Oh, Yeah! Ollas!

April 4, 2020


I'm getting ready for a growing season in Santa Fe. I have read about burying a clay pot as a way to water plants and not larger areas. Do you recommend this method?

- Luis G., Santa Fe


Yes; good idea! One of my favorite irrigation mantras is “low and slow,” meaning we want water to percolate deeply. In order to do that, it needs to be applied slowly so it has a chance to sink in instead of just running off.

Image of unglazed clay vessels called ollas
Irrigation ollas are unglazed clay vessels that are partially or mostly buried so that, when filled, allow water to seep slowly out into the soil for plant root absorption. The olla opening is exposed above ground (left) with a cap to keep bugs and other critters out and to limit evaporate from the top (center). Before they're buried (right), ollas resemble urns, and available sizes vary considerably. Filled on a Monday, these ollas still had a few inches of water in them two days later. These ollas are part of a demonstration plot in our Learning Garden at the NMS Agricultural Science Center at Los Lunas, and they are placed in the root zone of a young Texas red oak tree. In a vegetable bed, the seeds or transplants will likely need to be planted very close to the buried olla in order to access the water. These ollas were graciously created and donated by kind growers at the Valencia Community Gardens in Tome, NM. Photo credits M. Thompson

One way to do this is to have an irrigation system with drip emitters that release 1/2 or 1 gallon per hour. Another is to regulate the water pressure on your garden hose and let water trickle out for 15–30 minutes or more before moving the hose to another spot. (My first gardening gig was watering the plants around my apartment building for a discount on my rent. I flooded the basement apartments—not once but twice—by leaving the hose unattended for too long. So set a timer!)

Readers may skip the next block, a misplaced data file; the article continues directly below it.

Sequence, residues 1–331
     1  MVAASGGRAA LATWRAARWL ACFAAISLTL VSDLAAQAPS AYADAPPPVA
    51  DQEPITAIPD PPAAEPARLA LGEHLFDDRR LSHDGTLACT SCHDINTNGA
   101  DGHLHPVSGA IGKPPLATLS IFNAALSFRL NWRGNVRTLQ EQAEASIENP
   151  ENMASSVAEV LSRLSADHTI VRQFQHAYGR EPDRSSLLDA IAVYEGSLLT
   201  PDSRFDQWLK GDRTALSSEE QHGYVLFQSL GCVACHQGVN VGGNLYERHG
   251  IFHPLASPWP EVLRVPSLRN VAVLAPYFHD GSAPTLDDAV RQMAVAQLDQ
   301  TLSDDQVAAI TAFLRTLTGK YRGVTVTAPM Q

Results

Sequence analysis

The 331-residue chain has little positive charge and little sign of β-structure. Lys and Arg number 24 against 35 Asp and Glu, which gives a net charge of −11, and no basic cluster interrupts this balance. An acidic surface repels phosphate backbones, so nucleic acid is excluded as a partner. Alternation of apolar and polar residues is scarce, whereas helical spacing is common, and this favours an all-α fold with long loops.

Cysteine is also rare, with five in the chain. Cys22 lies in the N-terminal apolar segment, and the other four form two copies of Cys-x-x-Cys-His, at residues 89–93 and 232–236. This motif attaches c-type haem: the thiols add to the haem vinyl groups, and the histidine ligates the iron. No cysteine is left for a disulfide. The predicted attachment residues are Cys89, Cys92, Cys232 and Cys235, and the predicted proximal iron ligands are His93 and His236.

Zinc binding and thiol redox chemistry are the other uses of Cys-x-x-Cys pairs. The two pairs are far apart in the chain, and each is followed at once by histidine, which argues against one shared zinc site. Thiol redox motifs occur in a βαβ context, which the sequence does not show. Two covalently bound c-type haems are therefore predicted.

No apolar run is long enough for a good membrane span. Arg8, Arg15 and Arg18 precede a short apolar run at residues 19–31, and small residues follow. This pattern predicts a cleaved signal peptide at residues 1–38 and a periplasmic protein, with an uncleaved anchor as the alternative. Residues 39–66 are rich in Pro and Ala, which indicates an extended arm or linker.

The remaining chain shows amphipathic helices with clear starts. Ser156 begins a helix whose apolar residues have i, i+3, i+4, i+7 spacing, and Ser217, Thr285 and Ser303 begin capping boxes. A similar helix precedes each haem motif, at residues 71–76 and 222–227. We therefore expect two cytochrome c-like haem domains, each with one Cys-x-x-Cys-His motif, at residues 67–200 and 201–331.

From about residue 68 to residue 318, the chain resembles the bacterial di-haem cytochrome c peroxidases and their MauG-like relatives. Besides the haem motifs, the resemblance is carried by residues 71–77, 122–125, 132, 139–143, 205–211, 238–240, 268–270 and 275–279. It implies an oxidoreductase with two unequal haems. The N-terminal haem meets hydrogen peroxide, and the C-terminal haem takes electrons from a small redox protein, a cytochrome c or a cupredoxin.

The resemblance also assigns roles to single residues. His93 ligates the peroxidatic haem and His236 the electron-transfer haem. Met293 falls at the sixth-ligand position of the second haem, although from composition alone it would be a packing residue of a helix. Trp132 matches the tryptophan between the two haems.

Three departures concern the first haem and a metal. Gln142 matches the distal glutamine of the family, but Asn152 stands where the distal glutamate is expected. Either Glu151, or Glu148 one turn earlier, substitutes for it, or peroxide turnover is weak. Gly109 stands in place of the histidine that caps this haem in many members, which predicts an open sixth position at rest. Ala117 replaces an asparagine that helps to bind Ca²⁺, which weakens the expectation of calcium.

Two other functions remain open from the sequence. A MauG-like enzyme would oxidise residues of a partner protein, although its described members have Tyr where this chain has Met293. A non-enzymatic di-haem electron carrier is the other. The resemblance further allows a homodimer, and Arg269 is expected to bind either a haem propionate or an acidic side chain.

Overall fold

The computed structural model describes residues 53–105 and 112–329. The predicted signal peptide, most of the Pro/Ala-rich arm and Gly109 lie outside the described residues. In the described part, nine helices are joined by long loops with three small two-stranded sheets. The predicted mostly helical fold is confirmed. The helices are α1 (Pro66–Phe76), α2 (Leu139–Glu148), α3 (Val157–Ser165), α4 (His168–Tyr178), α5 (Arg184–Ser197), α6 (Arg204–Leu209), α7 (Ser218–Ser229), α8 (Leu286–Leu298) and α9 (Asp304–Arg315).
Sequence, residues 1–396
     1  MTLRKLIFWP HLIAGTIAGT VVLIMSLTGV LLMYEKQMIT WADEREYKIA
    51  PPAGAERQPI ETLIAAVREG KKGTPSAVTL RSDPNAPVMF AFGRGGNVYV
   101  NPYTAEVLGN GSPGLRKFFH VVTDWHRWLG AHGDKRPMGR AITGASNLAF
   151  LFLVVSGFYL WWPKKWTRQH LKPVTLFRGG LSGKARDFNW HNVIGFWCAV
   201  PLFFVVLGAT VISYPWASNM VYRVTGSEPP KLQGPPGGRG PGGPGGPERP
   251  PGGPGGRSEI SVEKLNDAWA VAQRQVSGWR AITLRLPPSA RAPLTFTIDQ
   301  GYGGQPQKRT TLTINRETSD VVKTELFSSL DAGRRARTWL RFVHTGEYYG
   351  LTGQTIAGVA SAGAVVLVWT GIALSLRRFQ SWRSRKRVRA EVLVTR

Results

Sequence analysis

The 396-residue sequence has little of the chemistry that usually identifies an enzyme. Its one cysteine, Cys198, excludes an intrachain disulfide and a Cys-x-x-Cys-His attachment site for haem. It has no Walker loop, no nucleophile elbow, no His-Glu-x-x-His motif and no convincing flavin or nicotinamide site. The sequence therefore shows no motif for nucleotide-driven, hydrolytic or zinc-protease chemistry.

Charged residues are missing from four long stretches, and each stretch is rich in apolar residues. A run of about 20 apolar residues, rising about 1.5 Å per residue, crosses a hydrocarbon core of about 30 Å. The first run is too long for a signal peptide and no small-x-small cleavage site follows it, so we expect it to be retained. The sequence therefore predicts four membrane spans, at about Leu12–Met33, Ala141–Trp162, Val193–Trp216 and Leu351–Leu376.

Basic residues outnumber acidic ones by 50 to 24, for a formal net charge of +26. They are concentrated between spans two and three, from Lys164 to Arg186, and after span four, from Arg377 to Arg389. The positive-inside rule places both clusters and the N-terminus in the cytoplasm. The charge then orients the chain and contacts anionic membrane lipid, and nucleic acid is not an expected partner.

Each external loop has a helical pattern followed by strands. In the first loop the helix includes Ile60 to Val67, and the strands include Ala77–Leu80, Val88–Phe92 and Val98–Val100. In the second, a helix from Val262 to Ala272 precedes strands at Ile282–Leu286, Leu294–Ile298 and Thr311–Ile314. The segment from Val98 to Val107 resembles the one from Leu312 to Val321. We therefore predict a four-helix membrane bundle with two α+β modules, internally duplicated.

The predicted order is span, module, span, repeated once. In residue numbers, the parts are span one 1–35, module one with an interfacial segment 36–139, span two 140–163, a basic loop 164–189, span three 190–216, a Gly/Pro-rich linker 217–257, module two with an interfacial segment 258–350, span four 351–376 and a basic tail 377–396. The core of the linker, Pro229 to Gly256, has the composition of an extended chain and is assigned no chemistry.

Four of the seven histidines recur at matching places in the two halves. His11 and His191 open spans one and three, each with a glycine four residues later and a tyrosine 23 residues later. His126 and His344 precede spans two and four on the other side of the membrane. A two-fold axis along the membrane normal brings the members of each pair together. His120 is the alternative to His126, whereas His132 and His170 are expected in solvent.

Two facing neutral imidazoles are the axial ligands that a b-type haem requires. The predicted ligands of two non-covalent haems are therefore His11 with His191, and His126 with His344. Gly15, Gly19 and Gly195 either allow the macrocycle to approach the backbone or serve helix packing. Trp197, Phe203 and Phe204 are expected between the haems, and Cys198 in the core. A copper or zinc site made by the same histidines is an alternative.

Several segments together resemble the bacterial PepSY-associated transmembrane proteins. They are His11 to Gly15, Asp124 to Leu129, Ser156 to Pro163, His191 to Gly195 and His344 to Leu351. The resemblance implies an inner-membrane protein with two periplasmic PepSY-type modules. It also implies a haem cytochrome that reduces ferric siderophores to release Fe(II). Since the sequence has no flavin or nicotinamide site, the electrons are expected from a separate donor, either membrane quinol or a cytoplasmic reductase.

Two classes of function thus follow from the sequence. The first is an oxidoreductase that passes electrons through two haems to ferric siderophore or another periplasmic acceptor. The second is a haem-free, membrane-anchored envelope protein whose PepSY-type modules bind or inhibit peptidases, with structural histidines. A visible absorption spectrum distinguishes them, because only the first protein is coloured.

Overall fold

But the buried clay pots you’re referring to are called ollas, and they provide several benefits in our semi-arid gardening work. An olla is, according to Merriam-Webster.com, “a large bulging widemouthed earthenware vessel sometimes with looped handles used (as by Pueblo Indians) for storage, cooking, or as a container for water.” Unglazed—and this detail is important—they are porous, and when buried, they allow the water to slowly seep out directly into the plant root zone.

I see two drawbacks that both need to be addressed. First, in my experience the soil area saturated by a seeping olla is relatively small. (Note: I haven’t tested the saturation area in an experimental setting yet and will keep readers posted when I do.) From what I can tell, seeds and transplants will need to be planted right up close to the olla in order for their roots to access the water. This is affected by soil type. Sandier soils drain faster, and the water will tend to move downward more than out laterally. In heavier clay soils, the water will have the chance to move more laterally, but oversaturation for extended periods of time should be avoided. In a container planting with limited space, ollas can be wonderfully effective (more on this later). Because the area that gets saturated is relatively small, several ollas may be needed for larger planting spaces. This brings me to drawback number two: price. Many ollas sold at garden centers are made locally by hand. They are carefully crafted, beautiful clay vessels that require skill and time to make. The larger the olla, the greater the potential watering area, but also the greater the cost. Purchasing 20 ollas for a medium-sized vegetable garden may not be feasible. Of course, many gardeners would love to receive an olla as a gift, myself included.